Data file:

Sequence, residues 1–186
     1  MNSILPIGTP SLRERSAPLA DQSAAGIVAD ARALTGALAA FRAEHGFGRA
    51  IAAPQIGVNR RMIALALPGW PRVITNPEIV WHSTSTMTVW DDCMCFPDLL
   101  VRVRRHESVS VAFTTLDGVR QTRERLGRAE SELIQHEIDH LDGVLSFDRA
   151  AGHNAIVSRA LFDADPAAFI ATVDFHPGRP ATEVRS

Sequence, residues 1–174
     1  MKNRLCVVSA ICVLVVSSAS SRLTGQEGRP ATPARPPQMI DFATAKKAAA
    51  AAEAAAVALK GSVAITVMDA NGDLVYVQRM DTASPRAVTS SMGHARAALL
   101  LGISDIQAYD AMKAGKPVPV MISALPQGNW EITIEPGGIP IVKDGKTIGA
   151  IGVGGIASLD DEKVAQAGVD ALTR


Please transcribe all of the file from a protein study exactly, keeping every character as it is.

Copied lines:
Sequence, residues 1–186
     1  MNSILPIGTP SLRERSAPLA DQSAAGIVAD ARALTGALAA FRAEHGFGRA
    51  IAAPQIGVNR RMIALALPGW PRVITNPEIV WHSTSTMTVW DDCMCFPDLL
   101  VRVRRHESVS VAFTTLDGVR QTRERLGRAE SELIQHEIDH LDGVLSFDRA
   151  AGHNAIVSRA LFDADPAAFI ATVDFHPGRP ATEVRS

Sequence, residues 1–174
     1  MKNRLCVVSA ICVLVVSSAS SRLTGQEGRP ATPARPPQMI DFATAKKAAA
    51  AAEAAAVALK GSVAITVMDA NGDLVYVQRM DTASPRAVTS SMGHARAALL
   101  LGISDIQAYD AMKAGKPVPV MISALPQGNW EITIEPGGIP IVKDGKTIGA
   151  IGVGGIASLD DEKVAQAGVD ALTR